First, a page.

Wednesday, April 8, 2020
Volume 1, Issue 16


In Today’s Issue:

  • Jamie Dimon’s Annual Letter
  • The World Has No Pause Button
  • Upside for Automobile Insurers?
  • Vienna State Opera – Free Livestreams

To read last week’s newsletter covering coronavirus business interruption claims, Jony Ive’s contributions to Apple, and Thomas Jefferson’s debts, please click here.


Jamie Dimon’s Annual Letter

Warren Buffett has often spoken highly of Jamie Dimon, the Chairman and CEO of JP Morgan Chase. Todd Combs, one of Berkshire’s investment managers, was elected as a director of JP Morgan Chase in 2016. In 2018 Berkshire took a significant stake in the bank.

Perhaps in an attempt to emulate Warren Buffett, Dimon also writes an unusually long and candid letter to his shareholders every year and his 2019 annual letter, released on April 6, was no exception. However, due to the ongoing Coronavirus pandemic, Dimon dispensed with his usual format to focus entirely on the crisis and its impact on the bank and the overall economy.

JPMorgan Chase stock has not been spared damage during the current bear market and currently trades at approximately 35% below its record high of $141 reached on the first trading day of the year. Dimon has a reputation for intelligent use of capital to repurchase stock (in fact, Buffett specifically commended Dimon on his buyback policy several years ago). However, Dimon has halted buybacks due to current economic conditions:

We stopped buying back our stock: We have always held the position that the highest and best use of our equity is to reinvest it in our own business and, of course, to be able to withstand tough times. Halting buybacks was simply a very prudent action – we don’t know exactly what the future will hold – but at a minimum, we assume that it will include a bad recession combined with some kind of financial stress similar to the global financial crisis of 2008. Our bank cannot be immune to the effects of this kind of stress.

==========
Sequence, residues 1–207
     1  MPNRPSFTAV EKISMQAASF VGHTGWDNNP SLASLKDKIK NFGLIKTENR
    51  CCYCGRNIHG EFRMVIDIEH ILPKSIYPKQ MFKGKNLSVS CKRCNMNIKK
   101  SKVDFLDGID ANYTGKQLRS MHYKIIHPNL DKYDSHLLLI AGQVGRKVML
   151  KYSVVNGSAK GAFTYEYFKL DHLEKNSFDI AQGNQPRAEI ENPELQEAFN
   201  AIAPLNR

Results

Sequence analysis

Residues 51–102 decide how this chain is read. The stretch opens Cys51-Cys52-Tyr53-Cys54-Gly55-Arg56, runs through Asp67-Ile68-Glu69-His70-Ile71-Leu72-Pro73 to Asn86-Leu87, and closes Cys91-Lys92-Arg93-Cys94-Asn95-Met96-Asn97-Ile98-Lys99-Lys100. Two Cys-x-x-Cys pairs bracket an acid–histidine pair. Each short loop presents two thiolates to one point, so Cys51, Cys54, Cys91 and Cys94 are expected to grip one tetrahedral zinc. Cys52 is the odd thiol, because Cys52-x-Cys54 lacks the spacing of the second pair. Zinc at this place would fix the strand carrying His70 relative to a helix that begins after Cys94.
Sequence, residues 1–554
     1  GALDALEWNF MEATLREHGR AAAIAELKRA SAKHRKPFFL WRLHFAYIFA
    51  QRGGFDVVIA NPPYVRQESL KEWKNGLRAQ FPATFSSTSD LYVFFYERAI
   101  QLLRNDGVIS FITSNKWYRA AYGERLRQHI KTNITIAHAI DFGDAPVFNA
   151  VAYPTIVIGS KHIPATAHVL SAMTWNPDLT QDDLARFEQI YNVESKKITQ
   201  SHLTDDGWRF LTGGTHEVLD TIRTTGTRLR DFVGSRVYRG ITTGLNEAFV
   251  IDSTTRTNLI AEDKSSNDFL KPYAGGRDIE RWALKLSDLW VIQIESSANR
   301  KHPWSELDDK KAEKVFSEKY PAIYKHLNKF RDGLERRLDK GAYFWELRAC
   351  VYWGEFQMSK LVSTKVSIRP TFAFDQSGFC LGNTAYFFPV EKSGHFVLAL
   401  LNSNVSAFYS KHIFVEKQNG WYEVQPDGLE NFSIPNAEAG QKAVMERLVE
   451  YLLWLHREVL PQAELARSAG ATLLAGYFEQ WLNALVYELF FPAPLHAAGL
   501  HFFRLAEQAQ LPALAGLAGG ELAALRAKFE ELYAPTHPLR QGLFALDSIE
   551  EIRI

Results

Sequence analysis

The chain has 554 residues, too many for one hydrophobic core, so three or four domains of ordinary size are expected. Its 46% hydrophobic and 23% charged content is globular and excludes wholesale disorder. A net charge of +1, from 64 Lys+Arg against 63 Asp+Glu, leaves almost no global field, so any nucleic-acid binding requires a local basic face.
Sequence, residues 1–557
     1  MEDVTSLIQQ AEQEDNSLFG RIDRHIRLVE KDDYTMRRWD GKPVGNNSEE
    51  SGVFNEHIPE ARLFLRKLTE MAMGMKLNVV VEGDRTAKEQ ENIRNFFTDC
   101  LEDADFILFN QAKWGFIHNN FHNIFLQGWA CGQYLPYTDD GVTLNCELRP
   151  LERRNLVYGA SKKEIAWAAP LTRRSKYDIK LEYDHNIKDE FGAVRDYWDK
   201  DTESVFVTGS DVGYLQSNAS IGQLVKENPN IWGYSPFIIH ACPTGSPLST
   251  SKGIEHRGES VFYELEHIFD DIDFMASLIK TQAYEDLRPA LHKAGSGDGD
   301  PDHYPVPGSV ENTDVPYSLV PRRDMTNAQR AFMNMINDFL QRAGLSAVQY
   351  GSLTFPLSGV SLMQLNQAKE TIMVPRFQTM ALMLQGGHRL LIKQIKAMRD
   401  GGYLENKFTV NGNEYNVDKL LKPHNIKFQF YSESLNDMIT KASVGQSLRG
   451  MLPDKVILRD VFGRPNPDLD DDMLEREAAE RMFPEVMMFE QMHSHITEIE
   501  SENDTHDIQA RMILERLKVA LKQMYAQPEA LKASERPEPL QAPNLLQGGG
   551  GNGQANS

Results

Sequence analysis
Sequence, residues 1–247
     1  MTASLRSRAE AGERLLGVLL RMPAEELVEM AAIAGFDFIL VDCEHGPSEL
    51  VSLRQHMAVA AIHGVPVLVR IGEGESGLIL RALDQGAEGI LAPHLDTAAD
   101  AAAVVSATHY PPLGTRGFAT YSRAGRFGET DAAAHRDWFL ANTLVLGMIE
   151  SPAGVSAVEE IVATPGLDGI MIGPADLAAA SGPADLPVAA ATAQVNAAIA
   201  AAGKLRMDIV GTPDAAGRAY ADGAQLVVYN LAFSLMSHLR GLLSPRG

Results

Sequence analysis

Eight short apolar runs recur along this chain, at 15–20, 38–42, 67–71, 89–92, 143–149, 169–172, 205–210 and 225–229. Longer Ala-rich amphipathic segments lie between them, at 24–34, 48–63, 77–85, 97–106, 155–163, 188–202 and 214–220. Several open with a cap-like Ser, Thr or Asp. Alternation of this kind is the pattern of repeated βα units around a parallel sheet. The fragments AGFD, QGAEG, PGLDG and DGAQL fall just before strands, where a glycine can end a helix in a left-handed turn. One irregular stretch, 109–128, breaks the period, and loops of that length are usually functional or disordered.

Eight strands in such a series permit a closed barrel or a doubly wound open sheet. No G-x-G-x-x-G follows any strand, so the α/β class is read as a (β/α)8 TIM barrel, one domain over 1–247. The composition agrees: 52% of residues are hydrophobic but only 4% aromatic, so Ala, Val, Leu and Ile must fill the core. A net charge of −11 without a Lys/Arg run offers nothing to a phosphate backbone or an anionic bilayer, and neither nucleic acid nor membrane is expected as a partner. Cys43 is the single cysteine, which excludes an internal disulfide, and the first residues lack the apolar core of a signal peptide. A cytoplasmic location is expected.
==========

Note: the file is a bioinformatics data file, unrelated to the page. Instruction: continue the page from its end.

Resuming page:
Shareholders might find it unfortunate that the company is no longer repurchasing shares in light of the steep recent drop in the stock price which recently traded at around $91, or 1.5x 2019 yearend tangible book value.

Dimon goes on to explain that even under an “extremely adverse scenario” that results in a GDP drop of 35% in Q2 and persists until the end of the year, the bank would still enter 2021 with ample liquidity. He positions halting repurchases and a potential suspension of the dividend, should the “extremely adverse scenario” occur, as prudent steps to maintain his “fortress” balance sheet.

The fact that the economy is in a deep recession is clear and Dimon suggests that the stress might be “similar to the global financial crisis of 2008”. If so, the bank could be exposed to billions of dollars of credit losses. The comparison to 2008 could be an understatement if the bank’s “extremely adverse scenario” of a 35% GDP contraction proves to be accurate.

Dimon closes by outlining steps that he believes should be taken to plan for a return to work and to adequately prepare for the next pandemic. The overall tone of the letter could be described as “guardedly optimistic” about the long term future of the economy. 

Click here to read Jamie Dimon’s 2019 Annual Letter


The World Has No Pause Button

Modern medicine can put a patient into a medically induced coma in order to better treat a serious underlying condition. While the patient’s consciousness is suspended during the coma, time itself never ceases and keeps marching on with short and long term consequences.